Anglers may retain up to six hatchery-reared adult coho on all lower Columbia tributaries with hatchery programs, including the Cowlitz, Deep, Elochoman, Grays (including West Fork), Kalama, Klickitat, Lewis (including North Fork), Toutle (including Green and North Fork) and Washougal rivers. Except on the Klickitat River, only those fish with a clipped adipose fin and healed scar may be retained.

While coho are expected to be abundant this year, Hymer acknowledges that they can be reluctant to bite. The best time to catch them is after a heavy rain, or when water levels rise, he said. “Nothing cures lockjaw as well as a good hard rain,” he said. “The action should also pick up when the late-run fish move into these river systems.”

Meanwhile, after a record catch in August, the fall chinook fishery below Bonneville Dam has tapered off in recent days. Although fisheries for hatchery coho and steelhead remain open, anglers fishing the mainstem Columbia River must now release any chinook they intercept from the Lewis River downstream (see boundary map at http://bit.ly/AF4Qt ).

However, anglers still have an opportunity to harvest fall chinook on the mainstem Columbia from the Lewis River upstream. One of the best spots should be in Bonneville Pool at the mouths of the tributaries plus in Drano Lake and the Klickitat River, Hymer said.

The Lewis is scheduled to close to chinook retention to protect wild fish, which are expected to return in numbers just above the minimum escapement goals. Effective Oct. 1, anglers will be required to release all chinook salmon on the Lewis River including the North Fork. In addition, fishing from any floating device will be prohibited on the North Fork Lewis from Johnson Creek to Colvin Creek. Also effective Oct. 1, Colvin Creek will be closed to all fishing upstream to Merwin Dam to protect naturally spawning fish.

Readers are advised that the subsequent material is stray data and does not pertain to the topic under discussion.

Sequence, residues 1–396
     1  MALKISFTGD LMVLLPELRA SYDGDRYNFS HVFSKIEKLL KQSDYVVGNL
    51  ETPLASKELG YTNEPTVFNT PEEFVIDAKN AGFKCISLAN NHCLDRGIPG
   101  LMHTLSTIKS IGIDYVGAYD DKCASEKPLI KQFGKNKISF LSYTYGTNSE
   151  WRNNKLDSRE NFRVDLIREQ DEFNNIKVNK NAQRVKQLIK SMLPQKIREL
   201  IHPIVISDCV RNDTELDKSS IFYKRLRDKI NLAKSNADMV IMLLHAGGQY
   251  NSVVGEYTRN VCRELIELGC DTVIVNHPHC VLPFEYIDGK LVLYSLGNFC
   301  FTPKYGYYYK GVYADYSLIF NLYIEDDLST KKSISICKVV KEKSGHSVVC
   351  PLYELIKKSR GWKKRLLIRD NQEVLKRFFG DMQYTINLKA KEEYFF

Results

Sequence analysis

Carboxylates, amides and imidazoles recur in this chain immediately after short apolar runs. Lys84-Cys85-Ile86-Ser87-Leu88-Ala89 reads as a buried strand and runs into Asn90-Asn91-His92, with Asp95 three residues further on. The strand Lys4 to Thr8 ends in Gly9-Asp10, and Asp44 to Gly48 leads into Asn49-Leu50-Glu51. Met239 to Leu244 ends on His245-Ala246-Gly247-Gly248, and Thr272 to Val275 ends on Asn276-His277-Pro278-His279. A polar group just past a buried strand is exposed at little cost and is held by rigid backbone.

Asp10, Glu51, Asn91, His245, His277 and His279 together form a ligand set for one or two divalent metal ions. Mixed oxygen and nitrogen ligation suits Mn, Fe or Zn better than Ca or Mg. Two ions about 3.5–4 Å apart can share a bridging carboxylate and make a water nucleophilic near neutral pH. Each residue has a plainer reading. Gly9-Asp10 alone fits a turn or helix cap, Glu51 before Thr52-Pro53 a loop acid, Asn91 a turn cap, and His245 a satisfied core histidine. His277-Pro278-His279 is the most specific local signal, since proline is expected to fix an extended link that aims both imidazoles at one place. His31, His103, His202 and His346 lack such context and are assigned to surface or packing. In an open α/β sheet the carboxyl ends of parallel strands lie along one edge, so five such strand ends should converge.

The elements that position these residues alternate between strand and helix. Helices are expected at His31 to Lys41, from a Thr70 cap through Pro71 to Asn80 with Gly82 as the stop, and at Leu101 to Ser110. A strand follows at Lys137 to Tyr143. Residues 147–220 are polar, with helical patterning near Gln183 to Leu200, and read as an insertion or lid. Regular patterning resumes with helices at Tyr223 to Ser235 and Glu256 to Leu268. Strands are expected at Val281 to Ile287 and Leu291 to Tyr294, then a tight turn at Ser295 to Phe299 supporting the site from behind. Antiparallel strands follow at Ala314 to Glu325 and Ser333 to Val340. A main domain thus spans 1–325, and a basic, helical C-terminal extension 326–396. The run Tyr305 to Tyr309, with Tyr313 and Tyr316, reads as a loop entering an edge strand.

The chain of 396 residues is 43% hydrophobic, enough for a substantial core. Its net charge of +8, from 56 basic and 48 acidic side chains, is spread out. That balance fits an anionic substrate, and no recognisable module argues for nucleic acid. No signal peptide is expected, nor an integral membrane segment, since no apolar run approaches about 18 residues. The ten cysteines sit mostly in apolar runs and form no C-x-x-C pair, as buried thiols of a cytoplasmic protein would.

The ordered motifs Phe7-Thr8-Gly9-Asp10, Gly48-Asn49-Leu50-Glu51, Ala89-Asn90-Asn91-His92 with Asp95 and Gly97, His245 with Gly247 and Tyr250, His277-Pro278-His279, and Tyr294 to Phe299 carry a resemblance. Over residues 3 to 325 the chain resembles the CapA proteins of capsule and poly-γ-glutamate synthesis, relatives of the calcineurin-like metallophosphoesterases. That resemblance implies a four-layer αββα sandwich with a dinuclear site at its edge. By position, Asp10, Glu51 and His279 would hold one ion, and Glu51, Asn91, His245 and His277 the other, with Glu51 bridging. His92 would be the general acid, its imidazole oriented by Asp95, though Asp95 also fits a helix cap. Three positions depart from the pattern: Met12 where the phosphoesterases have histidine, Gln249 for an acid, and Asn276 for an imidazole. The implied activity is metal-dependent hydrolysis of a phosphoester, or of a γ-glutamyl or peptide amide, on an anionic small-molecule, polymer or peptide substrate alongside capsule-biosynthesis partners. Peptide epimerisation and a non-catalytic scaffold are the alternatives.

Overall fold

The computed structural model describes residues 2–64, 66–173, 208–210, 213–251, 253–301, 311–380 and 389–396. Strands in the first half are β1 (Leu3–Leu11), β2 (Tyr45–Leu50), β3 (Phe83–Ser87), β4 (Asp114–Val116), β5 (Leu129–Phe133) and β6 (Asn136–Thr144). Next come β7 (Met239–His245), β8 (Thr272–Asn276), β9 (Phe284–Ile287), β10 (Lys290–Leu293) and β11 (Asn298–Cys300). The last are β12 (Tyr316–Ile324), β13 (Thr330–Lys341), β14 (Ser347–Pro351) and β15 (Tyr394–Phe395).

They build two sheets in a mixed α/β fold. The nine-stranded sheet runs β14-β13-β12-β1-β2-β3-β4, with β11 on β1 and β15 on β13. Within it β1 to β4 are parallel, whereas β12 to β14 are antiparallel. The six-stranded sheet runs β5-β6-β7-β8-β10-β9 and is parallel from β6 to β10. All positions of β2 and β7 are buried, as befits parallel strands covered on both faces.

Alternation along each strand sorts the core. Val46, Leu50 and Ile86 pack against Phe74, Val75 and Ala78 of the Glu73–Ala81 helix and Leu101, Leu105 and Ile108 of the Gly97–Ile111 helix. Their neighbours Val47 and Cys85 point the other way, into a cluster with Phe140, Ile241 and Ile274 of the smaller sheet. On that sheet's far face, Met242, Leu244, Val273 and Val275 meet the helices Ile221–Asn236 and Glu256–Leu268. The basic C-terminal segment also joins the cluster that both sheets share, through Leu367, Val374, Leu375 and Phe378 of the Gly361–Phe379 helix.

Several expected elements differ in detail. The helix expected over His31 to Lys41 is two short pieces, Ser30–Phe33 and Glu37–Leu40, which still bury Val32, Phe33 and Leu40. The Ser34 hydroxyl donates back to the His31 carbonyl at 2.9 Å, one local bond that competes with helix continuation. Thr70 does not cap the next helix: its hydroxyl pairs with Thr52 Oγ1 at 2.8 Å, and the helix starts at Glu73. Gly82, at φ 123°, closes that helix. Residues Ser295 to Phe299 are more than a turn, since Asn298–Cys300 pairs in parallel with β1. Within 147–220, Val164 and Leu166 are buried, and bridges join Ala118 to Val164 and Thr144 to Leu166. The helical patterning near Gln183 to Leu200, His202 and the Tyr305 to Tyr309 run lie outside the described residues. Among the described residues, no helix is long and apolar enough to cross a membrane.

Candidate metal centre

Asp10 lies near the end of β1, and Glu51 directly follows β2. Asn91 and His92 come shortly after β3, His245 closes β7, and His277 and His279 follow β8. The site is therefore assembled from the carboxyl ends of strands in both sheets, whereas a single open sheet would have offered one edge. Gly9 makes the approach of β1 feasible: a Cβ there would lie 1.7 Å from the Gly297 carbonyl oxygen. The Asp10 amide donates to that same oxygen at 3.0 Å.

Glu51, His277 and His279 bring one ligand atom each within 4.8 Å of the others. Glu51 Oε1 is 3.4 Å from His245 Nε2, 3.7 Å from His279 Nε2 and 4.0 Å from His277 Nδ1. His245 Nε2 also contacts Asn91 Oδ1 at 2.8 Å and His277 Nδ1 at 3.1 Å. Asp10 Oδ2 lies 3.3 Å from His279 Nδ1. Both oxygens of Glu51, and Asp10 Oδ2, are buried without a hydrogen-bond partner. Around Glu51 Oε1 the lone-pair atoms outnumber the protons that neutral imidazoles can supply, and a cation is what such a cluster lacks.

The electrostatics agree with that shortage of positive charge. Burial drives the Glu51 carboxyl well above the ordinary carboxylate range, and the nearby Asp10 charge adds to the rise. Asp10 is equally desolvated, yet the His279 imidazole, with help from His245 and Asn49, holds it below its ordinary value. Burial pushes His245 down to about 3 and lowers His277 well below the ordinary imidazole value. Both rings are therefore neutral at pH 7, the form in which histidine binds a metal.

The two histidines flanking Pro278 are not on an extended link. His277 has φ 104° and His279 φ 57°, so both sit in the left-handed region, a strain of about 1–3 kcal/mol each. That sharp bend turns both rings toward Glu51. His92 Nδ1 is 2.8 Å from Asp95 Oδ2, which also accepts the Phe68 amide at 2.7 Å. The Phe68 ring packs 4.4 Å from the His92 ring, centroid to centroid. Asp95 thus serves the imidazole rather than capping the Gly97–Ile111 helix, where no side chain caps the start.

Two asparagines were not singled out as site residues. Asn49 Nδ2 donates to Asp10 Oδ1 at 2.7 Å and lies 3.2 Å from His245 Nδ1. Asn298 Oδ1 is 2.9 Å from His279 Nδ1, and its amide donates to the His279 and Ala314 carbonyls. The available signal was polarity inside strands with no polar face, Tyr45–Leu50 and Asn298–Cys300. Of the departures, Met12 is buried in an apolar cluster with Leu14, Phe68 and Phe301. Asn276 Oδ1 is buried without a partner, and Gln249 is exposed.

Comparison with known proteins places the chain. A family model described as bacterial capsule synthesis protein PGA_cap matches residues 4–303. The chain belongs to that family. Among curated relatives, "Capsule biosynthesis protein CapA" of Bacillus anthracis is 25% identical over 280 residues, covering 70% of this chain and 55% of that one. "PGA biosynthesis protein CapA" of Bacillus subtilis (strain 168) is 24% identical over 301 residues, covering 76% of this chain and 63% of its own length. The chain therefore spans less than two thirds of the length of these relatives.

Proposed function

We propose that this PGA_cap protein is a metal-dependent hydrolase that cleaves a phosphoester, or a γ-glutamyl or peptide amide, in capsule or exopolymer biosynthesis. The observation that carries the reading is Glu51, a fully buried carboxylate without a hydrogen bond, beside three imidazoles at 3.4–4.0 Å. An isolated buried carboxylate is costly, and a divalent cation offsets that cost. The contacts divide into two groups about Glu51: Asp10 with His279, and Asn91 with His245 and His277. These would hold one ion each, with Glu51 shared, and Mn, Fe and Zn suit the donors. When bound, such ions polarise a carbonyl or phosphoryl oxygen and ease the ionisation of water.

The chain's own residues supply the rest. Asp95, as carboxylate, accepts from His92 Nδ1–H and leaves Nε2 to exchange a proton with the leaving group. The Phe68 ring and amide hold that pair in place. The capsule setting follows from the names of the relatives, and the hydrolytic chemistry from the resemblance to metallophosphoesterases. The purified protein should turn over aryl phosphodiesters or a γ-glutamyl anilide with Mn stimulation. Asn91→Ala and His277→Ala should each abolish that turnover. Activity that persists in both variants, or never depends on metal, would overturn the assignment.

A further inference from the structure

Several other regulations also come into play Oct. 1 to protect naturally spawning fish. All chinook must be released on the North Fork Toutle River from the Kidd Valley Bridge near Highway 504 upstream. Adult chinook – but not hatchery jacks – must be released on the Green, Washougal (from Little Washougal River upstream) and the White Salmon River (from ½ mile above the Hwy. 14 Bridge upstream). Marked, hatchery fall chinook – both adults and jacks – may still be retained on the Grays, Elochoman and Kalama rivers.

“This is one of the benefits of moving toward selective fisheries for fall chinook salmon,” Hymer said. “We need to protect naturally spawning fish, but anglers can continue to catch abundant hatchery salmon throughout the season.”

Looking for something a little different? Anglers should try fishing for hatchery sea-run cutthroats on the lower Cowlitz River. Bank and boat anglers stand a good chance to catch these aggressive foot-long fish on bait, lures, or flies.

While fishing opportunities routinely change with the seasons, Hymer admits that a recent influx of mackerel into the lower Columbia River caught him by surprise. “First Humboldt squid off Sekiu and now this,” he said. “Mackerel seldom come this far north and this is the first time I can remember fish reported in the lower river. Ocean conditions are clearly topsy-turvy this year.”

Hunting: Hunters under the age of 16 will go afield for ducks, geese, coots and pheasants during a special youth hunt Sept. 26-27. Young hunters must be accompanied by an adult at least 18 years old who is not hunting. Goose Management Area 2A in Clark, Cowlitz and Wahkiakum counties is not open for Canada geese during the youth hunt.

A special pheasant hunt for hunters 65 years or older is scheduled Sept. 28-Oct. 2 in all areas of western Washington, followed by a general pheasant hunt for all ages beginning Oct. 3.